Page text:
Researchers in Puerto Rico say hurricanes Irma and María made long-lasting and ongoing changes to forest and coastal ecosystems.
For decades, researchers have been studying the rainforest of Puerto Rico’s Luquillo Mountains.
Post Irma and María, researchers took a closer look at what’s flowing through the waters there, taking stream chemistry readings every 15 minutes. The goal was to understand how the storms changed what’s pouring into the water and how that’s affecting the forest and the coast.
“We have a complete switch in the behavior of nitrate after these major hurricanes pass through our study site,” said Bill McDowell, a professor at the University of New Hampshire, who works on the project.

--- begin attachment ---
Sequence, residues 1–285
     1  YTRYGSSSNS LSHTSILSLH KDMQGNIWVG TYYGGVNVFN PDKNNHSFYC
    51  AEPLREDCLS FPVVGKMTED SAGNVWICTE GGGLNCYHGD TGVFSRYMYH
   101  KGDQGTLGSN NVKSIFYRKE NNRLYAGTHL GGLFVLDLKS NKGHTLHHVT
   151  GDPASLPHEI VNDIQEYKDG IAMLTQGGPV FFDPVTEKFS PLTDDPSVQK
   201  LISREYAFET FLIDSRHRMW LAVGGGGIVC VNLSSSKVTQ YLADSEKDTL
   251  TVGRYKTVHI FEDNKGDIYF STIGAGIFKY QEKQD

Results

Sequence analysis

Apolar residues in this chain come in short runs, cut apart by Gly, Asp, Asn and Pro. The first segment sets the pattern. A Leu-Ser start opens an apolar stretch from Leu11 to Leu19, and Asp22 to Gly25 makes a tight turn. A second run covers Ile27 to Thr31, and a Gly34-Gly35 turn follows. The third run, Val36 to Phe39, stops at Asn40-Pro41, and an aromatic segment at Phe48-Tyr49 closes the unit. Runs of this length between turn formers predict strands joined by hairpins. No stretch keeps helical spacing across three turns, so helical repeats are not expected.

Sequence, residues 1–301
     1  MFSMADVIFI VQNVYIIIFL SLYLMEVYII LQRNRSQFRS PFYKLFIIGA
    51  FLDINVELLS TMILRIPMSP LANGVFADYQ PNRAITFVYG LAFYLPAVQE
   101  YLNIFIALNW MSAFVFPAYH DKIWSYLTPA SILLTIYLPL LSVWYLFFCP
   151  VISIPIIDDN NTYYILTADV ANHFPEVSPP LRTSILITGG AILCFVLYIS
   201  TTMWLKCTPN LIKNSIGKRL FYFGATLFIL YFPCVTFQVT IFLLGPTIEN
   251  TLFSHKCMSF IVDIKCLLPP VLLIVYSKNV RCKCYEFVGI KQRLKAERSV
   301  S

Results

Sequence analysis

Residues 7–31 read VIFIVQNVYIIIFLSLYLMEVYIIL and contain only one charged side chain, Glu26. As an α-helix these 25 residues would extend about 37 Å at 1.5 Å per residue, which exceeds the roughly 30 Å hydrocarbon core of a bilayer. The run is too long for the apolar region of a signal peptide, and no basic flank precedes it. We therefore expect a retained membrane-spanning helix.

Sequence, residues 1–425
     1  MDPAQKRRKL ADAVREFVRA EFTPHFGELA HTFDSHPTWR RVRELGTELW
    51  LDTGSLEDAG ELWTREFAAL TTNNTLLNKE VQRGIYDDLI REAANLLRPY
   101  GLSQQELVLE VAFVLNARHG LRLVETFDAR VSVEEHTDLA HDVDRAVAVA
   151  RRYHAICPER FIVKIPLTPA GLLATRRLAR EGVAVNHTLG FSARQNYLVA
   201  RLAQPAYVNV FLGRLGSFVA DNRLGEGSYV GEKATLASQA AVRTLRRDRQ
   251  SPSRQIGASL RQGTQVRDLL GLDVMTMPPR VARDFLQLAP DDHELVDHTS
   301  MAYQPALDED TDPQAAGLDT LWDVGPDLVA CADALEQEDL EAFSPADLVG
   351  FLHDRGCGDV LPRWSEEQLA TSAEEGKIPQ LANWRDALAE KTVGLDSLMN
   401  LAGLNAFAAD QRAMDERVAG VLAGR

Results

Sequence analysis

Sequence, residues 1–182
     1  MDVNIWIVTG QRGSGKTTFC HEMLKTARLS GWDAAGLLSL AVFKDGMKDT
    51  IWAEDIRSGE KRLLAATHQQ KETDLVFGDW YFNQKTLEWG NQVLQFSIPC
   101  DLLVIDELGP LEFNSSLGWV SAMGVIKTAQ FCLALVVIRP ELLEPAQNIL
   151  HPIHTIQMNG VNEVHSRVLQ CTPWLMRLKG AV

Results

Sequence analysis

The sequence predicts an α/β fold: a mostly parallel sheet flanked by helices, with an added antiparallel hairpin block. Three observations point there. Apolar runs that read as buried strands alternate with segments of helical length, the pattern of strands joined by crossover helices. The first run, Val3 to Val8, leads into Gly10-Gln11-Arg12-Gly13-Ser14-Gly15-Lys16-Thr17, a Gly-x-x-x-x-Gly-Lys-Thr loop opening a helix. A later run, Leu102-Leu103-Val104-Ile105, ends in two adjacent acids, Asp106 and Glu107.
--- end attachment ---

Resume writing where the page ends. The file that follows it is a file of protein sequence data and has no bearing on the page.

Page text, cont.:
McDowell said a lot of those nitrates, which are essential for plant growth, came from downed leaves and branches. That helped lead to more nitrate in the water and less in the forest.
“We can think of it as a fundamental change in the way materials are moving through the system. And the control mechanisms that kept nitrate concentration relatively stable in the past, have been disrupted or destroyed by the hurricanes,” McDowell said.
McDowell said the next step is to monitor how those nitrogen losses impact forest recovery and whether more nitrogen flowing into coastal waters will cause die-offs of coral and other sea life.
The research was presented at the fall meeting of the American Geophysical Union.
This story originally ran on Connecticut Public Radio's website.
This segment aired on December 12, 2018.